A03: Functional state modulation of membrane proteins by dynamic association and dissociation

The central question we intend to investigate is how dynamic association and dissociation modulates the functional state of membrane proteins under the condition of conserving their molecular identity. We will address this question on two systems, I) molecular components central for ethylene perception in plants, which are located at the ER and Golgi membranes, and II) PlbF, a novel phospholipase A from P. aeruginosa suggested to be a virulence factor, which is anchored in the inner bacterial membrane and exposed to the periplasm. In both cases, (multi)membrane systems play a crucial role for spatial coordination of dynamic association and dissociation. By molecular simulation and modeling studies at an atomic level in close connection with experimental validation studies, we intend to provide insights on I) the role and transport of the copper cofactor for ethylene receptor biogenesis and ethylene perception in plants and II) the molecular mechanism of monomerization/dimerization-dependent PlbF activation. As for both systems either almost none or only static atomic-level information is available, it is mandatory to develop a conceptual framework of adequate computational approaches and high-content experimental platforms in the course of the investigations. The two systems are paradigmatic for addressing the central question that way, also with respect to other systems investigated within the CRC.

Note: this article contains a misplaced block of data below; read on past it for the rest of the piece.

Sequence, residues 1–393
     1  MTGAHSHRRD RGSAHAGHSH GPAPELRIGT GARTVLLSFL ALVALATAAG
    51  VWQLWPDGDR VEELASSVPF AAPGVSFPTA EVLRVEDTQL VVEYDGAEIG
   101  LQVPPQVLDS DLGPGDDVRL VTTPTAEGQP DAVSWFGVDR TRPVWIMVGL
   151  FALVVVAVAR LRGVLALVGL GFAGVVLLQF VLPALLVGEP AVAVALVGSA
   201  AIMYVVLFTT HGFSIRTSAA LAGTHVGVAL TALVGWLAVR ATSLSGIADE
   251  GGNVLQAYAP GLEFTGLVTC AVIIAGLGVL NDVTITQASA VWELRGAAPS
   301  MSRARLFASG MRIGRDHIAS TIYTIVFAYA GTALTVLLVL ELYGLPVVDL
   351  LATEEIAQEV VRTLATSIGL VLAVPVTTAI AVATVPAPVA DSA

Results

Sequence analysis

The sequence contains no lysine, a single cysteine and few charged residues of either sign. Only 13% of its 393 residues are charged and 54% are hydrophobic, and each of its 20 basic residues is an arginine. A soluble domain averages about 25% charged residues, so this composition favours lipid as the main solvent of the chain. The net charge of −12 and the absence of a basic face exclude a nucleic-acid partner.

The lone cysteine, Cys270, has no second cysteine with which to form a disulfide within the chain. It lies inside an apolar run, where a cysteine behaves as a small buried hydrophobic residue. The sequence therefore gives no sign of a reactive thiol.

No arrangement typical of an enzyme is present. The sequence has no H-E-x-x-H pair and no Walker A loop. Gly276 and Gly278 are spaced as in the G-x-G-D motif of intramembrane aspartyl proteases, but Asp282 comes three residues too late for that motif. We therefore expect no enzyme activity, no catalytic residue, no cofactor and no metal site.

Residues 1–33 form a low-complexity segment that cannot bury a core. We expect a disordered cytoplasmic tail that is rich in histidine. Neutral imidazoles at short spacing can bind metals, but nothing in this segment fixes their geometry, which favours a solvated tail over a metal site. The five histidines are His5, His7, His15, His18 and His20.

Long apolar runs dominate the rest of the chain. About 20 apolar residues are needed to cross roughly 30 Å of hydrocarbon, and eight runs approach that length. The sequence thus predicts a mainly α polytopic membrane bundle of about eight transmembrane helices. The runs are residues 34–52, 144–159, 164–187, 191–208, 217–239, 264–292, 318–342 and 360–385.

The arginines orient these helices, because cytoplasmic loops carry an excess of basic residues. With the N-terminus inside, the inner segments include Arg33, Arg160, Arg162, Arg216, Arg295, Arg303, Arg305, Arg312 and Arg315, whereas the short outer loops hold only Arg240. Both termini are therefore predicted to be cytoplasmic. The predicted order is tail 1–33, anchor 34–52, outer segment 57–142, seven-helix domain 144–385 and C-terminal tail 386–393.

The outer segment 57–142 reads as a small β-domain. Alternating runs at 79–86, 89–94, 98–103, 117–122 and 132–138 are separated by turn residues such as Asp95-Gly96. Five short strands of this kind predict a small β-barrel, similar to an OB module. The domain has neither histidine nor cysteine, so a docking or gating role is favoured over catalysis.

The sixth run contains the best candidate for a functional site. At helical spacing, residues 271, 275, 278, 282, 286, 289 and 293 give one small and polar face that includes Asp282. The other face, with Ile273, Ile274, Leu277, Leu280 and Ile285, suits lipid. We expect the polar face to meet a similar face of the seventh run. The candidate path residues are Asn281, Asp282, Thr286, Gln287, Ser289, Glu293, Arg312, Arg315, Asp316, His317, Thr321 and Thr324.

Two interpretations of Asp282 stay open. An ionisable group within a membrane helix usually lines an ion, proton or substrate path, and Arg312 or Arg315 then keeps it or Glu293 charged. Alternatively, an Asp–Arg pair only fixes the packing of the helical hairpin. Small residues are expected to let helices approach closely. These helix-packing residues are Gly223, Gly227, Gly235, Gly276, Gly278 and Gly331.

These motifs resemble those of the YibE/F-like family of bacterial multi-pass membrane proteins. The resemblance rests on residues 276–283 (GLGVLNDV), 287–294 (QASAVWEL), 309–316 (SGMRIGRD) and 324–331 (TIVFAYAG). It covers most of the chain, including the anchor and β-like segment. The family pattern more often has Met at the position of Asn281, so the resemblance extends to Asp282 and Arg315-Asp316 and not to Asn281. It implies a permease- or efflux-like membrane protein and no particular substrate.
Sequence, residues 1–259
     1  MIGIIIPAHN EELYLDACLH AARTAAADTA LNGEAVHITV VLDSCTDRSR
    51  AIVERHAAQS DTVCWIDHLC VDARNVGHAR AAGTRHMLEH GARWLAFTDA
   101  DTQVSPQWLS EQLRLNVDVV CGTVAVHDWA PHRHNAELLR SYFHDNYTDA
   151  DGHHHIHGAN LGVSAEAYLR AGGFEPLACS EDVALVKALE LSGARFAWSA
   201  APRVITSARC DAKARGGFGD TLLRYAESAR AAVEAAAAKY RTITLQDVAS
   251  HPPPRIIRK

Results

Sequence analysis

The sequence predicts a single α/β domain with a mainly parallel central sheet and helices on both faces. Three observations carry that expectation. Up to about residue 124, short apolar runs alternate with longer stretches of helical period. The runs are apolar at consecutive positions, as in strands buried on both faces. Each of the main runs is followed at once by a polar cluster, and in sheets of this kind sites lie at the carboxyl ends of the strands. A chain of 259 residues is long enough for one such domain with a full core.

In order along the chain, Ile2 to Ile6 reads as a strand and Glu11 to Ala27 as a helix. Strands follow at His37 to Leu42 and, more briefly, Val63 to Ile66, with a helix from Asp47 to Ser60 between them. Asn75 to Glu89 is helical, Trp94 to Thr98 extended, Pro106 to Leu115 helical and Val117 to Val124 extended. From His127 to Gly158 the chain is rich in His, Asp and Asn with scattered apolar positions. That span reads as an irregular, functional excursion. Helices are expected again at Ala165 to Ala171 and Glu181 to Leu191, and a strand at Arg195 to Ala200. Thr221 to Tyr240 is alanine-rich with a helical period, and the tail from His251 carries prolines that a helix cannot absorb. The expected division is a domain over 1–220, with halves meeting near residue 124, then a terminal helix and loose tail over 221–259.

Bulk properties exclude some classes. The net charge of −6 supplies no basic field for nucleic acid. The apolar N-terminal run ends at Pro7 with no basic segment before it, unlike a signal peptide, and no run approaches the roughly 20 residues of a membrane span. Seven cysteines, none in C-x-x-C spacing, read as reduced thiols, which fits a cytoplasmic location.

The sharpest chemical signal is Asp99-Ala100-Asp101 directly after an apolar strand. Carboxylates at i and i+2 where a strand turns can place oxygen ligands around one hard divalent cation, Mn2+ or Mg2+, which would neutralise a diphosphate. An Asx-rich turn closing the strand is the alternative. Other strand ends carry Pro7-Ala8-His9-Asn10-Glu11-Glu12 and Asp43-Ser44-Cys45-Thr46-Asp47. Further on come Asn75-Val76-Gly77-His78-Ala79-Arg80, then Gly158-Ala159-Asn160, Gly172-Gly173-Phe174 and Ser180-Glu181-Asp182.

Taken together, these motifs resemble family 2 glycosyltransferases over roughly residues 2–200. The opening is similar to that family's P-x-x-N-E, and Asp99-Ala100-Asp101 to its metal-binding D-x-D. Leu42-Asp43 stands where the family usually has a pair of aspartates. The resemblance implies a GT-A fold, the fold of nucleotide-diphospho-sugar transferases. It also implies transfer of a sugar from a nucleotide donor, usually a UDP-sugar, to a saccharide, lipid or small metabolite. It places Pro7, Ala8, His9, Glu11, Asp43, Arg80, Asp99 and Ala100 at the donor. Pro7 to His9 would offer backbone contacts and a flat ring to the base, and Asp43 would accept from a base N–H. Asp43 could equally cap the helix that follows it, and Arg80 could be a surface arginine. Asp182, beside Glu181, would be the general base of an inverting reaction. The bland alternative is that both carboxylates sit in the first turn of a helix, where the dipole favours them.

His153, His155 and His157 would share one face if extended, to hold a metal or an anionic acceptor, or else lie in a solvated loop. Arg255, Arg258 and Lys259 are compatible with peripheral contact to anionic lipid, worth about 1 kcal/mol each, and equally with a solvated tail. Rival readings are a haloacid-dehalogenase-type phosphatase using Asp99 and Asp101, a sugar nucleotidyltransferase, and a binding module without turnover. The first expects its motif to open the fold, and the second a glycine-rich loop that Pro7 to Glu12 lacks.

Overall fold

Figure 1: (A) Genetically defined pathway for eth-ylene signal transduction (adapted from ref. 1). (B) Model of the ETR1 dimer (center), with a schematic representation of the N-terminal half (blue: TM region; yellow: GAF do-main) and a composite structural model in the C-terminal half (green: dimerization histidine phosphotransfer domain from ERS1 (PDB code 4MTX); blue: catalytic ATP-binding domain from ETR1 (4PL9); orange: receiver domain from ETR1 (1DCF); adapted from ref. 5); the proposed ethylene bind-ing site is marked in magenta. Components suggested to be involved in copper transport to ETR1 are sche-matically represented. Red dotted lines to the faint ETR1 dimer on the right indicate putative protein-protein interactions upon receptor clustering.
Figure 2: (A) Crystal structure of the PlbF dimer with the TM domain col-ored blue, the catalytic phospholipase domain green, and the all-?-helical domain grey. Carbon at-oms of fatty acids are colored orange and those of OG dark blue.(B) Overlay of chains A and B from the dimer structure based on the membrane position suggested by OPM. (C) Orientation of a monomer as suggested by OPM. Grey dots depict the membrane position suggested by OPM; magenta boxes depict the active site tunnel.

Project leader:
Prof. Dr. Holger Gohlke, undefined email,
                        undefinedInstitute of Pharmaceutical and Medicinal Chemistry

Researchers: Markus Dick, undefined email
                        Stephan Schott-Verdugo, undefined email

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